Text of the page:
Unless he’s asked, my dad isn’t the type of person to give out advice. He’s a listener.
Forty years working as a bartender will teach a person just to use their ears.
My mother will argue my father has mastered “selective listening” and somehow catches every word except the words that come out of her mouth.
Patrons would frequent the bar for libations, laughs, and just to use my dad as a sounding board.
Work sucks? Tell the bartender. Wife won’t stop nagging? Tell the bartender. Celebrating a milestone that everyone else in your life forgot about? Tell the bartender while buying him a round.
I’m sure people tried to buy my old man a drink during his forty years behind the bar. I’d be absolutely shocked to find out he ever drank one. I’ll have to ask him the next time we talk.
While my dad was likely able to talk his way out of Jack Daniel’s shots at eleven in the morning, it’s improbable to think he could excuse himself from this tavern confessions and whiskey as acts of contrition without doling out a diminutive nugget of publican wisdom.
The guidance likely sounded similar to the one phrase my father expounded every time I found myself face-to-face with a dilemma.
“You’re not the first and you won’t be the last.”
On the surface, this statement doesn’t sound like advice at all. It doesn’t help to choose a path or bring confidence when circling an answer on the multiple-choice questions in life but the simplicity of the proclamation does bring a sense of peace to the situation.
No matter the situation, you’re not the first person in history to find yourself at this crossroads, and after you choose the left or right path, another person will do the same in the very near future.
Millions of people were forced into their homes for long stretches of time over the last 18 months and compelled to find a new normal but there was a comfort in thinking “ok, I’m not the only person whose life just got turned upside down.”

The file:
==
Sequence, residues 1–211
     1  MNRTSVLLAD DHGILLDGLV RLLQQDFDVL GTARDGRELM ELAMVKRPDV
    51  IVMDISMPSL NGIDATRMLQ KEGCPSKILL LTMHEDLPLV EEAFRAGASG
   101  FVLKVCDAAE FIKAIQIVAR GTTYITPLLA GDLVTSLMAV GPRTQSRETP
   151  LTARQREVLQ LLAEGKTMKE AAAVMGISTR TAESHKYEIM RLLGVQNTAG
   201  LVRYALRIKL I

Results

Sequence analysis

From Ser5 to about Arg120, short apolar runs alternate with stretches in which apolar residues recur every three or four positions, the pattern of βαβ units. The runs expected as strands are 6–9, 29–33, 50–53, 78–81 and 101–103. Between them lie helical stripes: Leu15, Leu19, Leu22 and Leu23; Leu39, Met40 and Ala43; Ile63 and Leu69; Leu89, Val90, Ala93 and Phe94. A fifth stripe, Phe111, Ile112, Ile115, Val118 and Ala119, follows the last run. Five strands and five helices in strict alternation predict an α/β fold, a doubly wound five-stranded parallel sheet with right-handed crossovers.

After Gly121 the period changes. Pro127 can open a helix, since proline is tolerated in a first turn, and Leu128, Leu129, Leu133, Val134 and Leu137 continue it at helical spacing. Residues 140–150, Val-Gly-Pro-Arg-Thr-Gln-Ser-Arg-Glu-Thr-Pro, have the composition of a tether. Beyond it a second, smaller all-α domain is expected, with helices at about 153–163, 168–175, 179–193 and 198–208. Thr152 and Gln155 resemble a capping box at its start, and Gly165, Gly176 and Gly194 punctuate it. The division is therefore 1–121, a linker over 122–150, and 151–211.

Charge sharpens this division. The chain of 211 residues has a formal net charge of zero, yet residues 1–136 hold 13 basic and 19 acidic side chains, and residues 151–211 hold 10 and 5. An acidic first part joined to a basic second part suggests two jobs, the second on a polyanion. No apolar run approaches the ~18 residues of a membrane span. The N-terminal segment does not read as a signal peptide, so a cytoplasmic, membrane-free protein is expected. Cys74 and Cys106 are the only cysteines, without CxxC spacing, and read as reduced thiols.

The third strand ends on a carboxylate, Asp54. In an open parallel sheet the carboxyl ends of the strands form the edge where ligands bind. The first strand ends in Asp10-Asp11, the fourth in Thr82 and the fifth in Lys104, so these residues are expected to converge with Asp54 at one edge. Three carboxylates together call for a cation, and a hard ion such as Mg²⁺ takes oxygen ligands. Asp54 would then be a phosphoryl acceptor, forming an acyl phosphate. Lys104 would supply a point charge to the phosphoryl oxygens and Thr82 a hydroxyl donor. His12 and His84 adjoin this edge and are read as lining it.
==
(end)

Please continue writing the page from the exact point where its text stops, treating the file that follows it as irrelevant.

Life doesn’t feel as lonely when you stop to think you’re not the only person dealing with a specific issue.
My dad’s advice isn’t profound. It’s a little bit of Fortune Cookie logic than encouragement or consultation but I still find myself repeating it out loud in those moments when the fit hits the shan and I’m wondering “ugh, why me?!?!”
It always helps.
Happy Father’s Day.
OTHER STUFF I DID ON INSTAGRAM THAT YOU PROBABLY MISSED
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OTHER THINGS I DID WHEN I WASN’T WRITING NOTES
ON LAST WEEK’S EPISODE OF “WE RUN THIS”
Christie Aschwanden is here to set the record straight about which the real ways to recovery and all of the unnecessary – and expensive – recovery products and promises athletes of all levels should avoid.
Christie is the author of “Good to Go: What the Athlete in All of Us Can Learn from the Strange Science of Recovery” and the former lead science writer at FiveThirtyEight. She’s also a frequent contributor to The New York Times and a former columnist for the Washington Post.
ON LAST WEEK’S EPISODE OF “NOT ABOUT WRESTLING”
Our guest on the show this week is comedian and radio show host, Justin Schlegel. Justin is the co-host of Baltimore’s number one morning show, the Justin, Scott & Spiegel Morning Show on 98 Rock, and part of Die Laughing Productions’ popular murder mysteries.
STUFF I WROTE ABOUT THAT WASN’T ON STICKY NOTES
- Good News For Parents – IRS Reveals When New Advance Child Tax Credit Will Hit Their Bank Accounts
- Here Are The State Economies Rebounding Post-Pandemic – And The Areas Of The Country Still Struggling
- Do These 3 Things Immediately To Boost Your Retirement Savings
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